Today, I broke up with my students.
A few weeks ago, my supervisor asked me to take over a college-level writing course when another teacher leaves to teach abroad in the new year. The catch is that I’ll be trading two of my periods for the two periods of this class.
I had to wait for different approvals to go through, and for different red tape to be crossed, but, at the end of last week, the change became officially approved.
I knew it was coming, but that didn’t stop me from crying in my car the entire commute home.
You see, I genuinely love my kids this year. There’s not a single one I can imagine my school year without, and to have it confirmed that I’ll be losing 52 students (two periods worth) genuinely hurts.
I also love these kids enough to know that this transition is going to suck for the both of us. It will work out in the end, but, in a district where so many of the kids have dependency issues and emotional reliances on their teachers and adult role models, the kids are going to have a tough time with the news. I knew they needed to know ASAP, so I drafted a letter to their parents and guardians, and made today Doomsday.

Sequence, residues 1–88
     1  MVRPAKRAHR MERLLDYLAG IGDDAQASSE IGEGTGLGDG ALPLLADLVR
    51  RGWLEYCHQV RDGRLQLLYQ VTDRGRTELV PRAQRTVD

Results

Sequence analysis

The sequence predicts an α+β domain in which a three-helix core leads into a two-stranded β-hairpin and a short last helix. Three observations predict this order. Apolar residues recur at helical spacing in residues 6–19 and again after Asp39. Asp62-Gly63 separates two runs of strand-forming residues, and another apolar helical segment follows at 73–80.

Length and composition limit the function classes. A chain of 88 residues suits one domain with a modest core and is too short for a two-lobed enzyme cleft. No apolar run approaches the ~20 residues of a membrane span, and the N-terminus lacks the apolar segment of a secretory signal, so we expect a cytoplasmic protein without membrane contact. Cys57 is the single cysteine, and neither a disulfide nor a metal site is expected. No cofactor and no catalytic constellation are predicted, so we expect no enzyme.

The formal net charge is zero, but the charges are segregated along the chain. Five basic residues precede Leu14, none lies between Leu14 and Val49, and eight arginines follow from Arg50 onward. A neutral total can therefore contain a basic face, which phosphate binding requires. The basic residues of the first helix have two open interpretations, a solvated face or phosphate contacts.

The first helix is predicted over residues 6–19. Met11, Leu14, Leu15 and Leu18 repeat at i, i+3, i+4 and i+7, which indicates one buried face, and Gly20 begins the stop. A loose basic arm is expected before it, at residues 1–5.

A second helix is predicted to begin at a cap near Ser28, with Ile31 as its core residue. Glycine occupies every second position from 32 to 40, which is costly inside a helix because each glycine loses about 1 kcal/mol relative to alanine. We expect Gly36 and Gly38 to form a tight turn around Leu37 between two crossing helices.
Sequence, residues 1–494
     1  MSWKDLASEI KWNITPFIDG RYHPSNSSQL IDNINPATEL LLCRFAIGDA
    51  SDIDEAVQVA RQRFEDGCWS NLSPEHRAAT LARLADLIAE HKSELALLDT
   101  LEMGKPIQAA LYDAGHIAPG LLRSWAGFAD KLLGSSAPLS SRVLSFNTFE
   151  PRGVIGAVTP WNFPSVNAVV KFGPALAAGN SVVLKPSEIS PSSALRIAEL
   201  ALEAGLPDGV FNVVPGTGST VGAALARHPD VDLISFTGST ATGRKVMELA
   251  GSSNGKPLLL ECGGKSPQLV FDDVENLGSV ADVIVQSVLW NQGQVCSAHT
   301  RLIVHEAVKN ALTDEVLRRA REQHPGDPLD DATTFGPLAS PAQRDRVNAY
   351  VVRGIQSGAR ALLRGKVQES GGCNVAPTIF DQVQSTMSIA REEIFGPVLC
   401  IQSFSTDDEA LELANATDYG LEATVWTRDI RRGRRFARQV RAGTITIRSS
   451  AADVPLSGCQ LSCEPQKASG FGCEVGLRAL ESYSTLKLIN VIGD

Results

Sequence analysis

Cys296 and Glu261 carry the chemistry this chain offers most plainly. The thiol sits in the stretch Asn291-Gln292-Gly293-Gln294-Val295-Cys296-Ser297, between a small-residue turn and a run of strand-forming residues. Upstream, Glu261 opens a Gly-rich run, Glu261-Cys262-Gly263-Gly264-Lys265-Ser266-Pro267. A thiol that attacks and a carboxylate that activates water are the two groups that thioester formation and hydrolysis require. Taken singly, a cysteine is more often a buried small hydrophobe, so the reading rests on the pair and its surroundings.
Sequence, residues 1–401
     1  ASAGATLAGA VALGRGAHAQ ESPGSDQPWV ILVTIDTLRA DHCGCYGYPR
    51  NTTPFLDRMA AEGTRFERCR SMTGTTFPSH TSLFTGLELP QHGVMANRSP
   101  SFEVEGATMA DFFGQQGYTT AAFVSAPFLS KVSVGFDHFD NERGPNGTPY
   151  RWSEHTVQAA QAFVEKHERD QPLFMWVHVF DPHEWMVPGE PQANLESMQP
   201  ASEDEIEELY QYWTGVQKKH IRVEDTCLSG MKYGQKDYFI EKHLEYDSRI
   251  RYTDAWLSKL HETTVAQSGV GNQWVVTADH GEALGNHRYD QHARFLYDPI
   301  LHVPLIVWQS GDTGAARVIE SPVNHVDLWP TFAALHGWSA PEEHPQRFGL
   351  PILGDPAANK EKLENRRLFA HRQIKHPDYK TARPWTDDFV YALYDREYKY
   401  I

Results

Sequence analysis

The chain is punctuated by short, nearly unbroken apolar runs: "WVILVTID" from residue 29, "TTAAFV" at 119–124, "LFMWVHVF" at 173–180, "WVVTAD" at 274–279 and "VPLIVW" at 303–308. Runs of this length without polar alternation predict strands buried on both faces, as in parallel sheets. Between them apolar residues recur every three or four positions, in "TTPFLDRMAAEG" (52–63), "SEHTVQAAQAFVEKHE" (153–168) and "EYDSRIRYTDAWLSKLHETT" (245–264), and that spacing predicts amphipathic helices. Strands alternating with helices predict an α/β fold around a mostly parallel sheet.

I spent an unreasonable chunk of time Googling “how to tell your students you’re leaving” this weekend as well. If you ever have the misfortune of Googling this, this post and this post are helpful. Nothing else is. These are geared towards youth pastors, but I found them to be true for urban ed teachers.
In my first class, I felt sick to my stomach. I couldn’t hide my nerves, and, when I told them that my supervisor had asked me to teach another class in the new year, they started crying. Crying. I didn’t know what to expect, except maybe irrational teenager screaming and arguing, but I didn’t expect crying. That made ME cry. I jokingly yelled at them for making me cry, and one student sniffled and said, “But Miss. You care about us!”
Then, the next class cried too. I cried more. We all cried. Then laughed. Then cried. Then they wrote a petition, and I told them they were acting like immature teenagers, and they laughed and rolled their eyes at me, and then we laugh/cried some more.
Today was emotional.
You see, I do care about my students. As I told them today, whether it be in January when they get a new teacher, or whether it be 20-something years from now when I hopefully have teenagers of my own, my kids will always be my kids. Nothing changes that for a teacher, ever.
I’m currently an emotional wreck, as emails of support and sadness have been pouring in from parents and guardians tonight. I’m glad I wrote a letter to them, as it shows the level of respect and love I still have for both them and their students. I’m just overwhelmed by the respect and love they’re giving back to me.
Breaking up with students sucks.